Automatic renewal clauses not so automatic

What services are covered?

Many service providers include automatic renewal provisions in their contracts to main-tain their customer base without renegotiat-ing contracts with their customers. 

However, as a recent New York Appellate Court decision highlights, an automatic re-newal provision isn’t enough to lock a cus-tomer into a successive term unless the pro-vider complies with the notice requirements contained in Section 5-903, an often-overlooked section of the New York General Obligations Law. 

Section 5-903 specifically pertains to a con-tract for service, maintenance or repair to or for any real or personal property.  It requires that a provider give written notification of a contract’s automatic renewal clause to the re-cipient of the service between 15 and 30 days prior to the renewal date specified in the agreement. 

The written notice must be served personally or by certified mail.  Importantly, if the re-quired statutory notice is not provided, the provider cannot enforce the automatic renew-al clause and the customer can terminate the contract after the expiration of the initial term.  This result is consistent with the statute’s remedial legislative intent of protecting customers from unwittingly continuing to remain bound to service contracts that they are dissatisfied with or no longer need. 

analytical or administrative service agree-ment were at issue in the recent Appellate Division, First Department decision in Healthcare I.Q. L.L.C. v. Tsai Chung Chao, (2014 NY Slip Op. 03216) (May 6, 2014).  There, the plaintiff, Healthcare I.Q. (HCIQ),  a health care services company, and the de-fendant, Dr. Tsai Chung Chao and his medi-cal practice (Chao) had executed a practice management and licensing agreement, pursu-ant to which Chao uploaded all its patient records and files to HCIQ’s proprietary pro-gram. 

HCIQ was responsible for “the practice staff, management and supervision of the medical billing, coding, collection of reimbursable insurance dollars, adherence to documenta-tion guidelines, compliance issues, business issues, and for overall management of the medical facility.” 

The agreement, initially for a 36 month term, called for automatic renewals for successive 18-month periods unless either party sent written notice of its intention to terminate to the other.  It was undisputed that neither party sent such notification of termination and that HCIQ failed to provide the written notification of renewal required by Section 5-903 to Chao. 

Chao maintained that, without written notifi-cation of the renewal clause, it had the right to cancel the agreement at any time after the initial 36-month period.  HCIQ contended that its services were of a consulting, analyti-cal or administrative nature, rendering Sec-tion 5-903 inapplicable.  In its unanimous de-cision, the Appellate Division agreed with Chao, ruling that the parties’ agreement was “for service…to or for…personal property,”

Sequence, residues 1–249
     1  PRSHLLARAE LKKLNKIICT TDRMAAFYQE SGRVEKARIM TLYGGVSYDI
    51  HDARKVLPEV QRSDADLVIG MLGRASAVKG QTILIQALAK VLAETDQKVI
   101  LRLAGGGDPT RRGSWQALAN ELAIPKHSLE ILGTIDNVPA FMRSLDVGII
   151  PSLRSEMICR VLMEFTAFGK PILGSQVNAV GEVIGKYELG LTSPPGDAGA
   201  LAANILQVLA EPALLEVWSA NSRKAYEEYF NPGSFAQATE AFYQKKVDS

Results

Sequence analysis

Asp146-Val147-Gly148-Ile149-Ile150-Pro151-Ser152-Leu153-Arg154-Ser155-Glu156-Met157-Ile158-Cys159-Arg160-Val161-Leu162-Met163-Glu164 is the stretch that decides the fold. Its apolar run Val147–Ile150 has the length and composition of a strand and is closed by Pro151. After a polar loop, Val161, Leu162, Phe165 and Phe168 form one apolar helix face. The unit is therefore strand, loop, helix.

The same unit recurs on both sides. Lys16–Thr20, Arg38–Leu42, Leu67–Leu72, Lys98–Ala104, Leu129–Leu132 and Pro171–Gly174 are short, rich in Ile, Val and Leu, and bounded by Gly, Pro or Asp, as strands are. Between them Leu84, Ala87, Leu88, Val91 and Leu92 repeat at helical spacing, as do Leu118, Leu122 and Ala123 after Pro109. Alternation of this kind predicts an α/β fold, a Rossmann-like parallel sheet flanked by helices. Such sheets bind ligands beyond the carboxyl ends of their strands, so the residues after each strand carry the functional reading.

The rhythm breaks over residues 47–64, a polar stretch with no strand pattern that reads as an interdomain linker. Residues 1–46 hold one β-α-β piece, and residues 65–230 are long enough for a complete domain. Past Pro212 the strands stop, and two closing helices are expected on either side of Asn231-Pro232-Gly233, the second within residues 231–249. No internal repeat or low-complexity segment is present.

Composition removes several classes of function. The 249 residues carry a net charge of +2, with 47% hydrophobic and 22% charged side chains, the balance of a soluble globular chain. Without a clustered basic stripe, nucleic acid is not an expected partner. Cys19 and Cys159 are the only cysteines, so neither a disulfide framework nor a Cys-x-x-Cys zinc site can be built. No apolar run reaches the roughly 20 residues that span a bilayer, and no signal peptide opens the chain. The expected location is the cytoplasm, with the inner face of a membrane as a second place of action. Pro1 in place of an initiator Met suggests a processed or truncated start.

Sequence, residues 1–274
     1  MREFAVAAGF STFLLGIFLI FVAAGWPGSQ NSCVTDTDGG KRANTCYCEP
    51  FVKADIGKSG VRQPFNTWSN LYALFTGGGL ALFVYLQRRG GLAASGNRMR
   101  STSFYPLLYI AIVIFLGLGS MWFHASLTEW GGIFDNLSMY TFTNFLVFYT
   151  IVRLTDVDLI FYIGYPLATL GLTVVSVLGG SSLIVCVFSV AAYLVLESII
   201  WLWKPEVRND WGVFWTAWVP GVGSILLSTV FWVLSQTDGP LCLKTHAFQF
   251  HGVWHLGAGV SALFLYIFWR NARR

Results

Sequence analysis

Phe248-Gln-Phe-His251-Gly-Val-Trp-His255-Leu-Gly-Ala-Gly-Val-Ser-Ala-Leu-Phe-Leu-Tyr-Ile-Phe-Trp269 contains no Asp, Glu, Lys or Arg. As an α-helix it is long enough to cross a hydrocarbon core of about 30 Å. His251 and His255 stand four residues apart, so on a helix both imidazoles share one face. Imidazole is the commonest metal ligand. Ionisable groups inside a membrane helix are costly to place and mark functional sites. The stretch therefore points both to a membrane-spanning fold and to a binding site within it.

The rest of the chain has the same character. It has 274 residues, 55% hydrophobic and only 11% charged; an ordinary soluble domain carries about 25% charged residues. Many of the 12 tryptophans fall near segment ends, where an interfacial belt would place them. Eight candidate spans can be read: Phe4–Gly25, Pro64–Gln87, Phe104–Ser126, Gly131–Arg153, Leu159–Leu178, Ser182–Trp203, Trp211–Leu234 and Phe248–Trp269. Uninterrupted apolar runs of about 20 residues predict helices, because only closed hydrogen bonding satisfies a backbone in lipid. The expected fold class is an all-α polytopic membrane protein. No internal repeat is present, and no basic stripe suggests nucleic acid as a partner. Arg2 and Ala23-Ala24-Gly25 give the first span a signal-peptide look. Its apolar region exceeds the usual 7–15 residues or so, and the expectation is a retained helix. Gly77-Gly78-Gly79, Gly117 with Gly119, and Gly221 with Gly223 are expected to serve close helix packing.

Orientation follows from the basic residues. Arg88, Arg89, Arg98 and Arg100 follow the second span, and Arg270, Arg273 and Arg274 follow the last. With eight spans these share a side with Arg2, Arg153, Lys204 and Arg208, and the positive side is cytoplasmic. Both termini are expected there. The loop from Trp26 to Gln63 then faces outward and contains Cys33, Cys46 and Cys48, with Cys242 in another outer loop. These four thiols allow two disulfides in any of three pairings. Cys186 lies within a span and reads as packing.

In keeping with its broad remedial purpose, New York courts generally have taken an ex-pansive approach in interpreting Section 5-903, applying it to service contracts for intel-lectual property as well as tangible personal property and real property. 

The statute has been held applicable in a wide variety of contexts, including the man-agement of real property, the provision of telephone answering services, the provision and servicing of equipment for financial information and hospital equipment, the installation and servicing of vending machines, and the cleaning, repair and delivery of uniforms. 

A notable exception to the type of “services” encompassed by Section 5-903 is its inap-plicability to “personal services contracts,” such as consulting agreements, employment contracts or professional retainer agreements. For example, the statute has been held inap-plicable to a retainer for legal services, an agreement for the administration of an em-ployee benefits plan and an agreement to provide access to information and analytics concerning commercial and collateral mort-gage-backed securities via the provider’s website. 

Court decision 

The parameters of a service agreement for personal property covered under Section 5-903 versus a consulting, since “the services provided were directly and inextricably related to the billing and medical records of the practice, which are personal property.” 

The court further explained:  “Here the agreement provided for HCIQ to take dominion over the records and to maintain and organize them on an ongoing basis.  … This was not merely incidental access to the records in the context of administrative or consulting services.” 

Although under the facts of Healthcare I.Q., the court found that HCIQ’s “level of unfet-tered use, access, physical possession and management of (Chao’s) records” easily placed the agreement within the ambit of Section 5-903, determining the nature of the services provided may not always be as clear. 

In today’s marketplace, where service com-panies frequently provide consulting and other administrative services as part of their engagements, the applicability of Section 5-903 is not assured.  Nevertheless, the decision in Healthcare I.Q. serves as a reminder that it is imperative that any provider of services seeking to enforce an automatic renewal clause fully comply with the statutory notice requirements.  Converse-ly, a consumer of services subject to an automatic renewal provision should be aware of its statutory rights under the agreement. 

Judith Zerden is of counsel to Kurzman Eisenberg Corbin & Lever L.L.P. in White Plains, where she specializes in commercial litigation.  She can be reached at 914-286-6367 or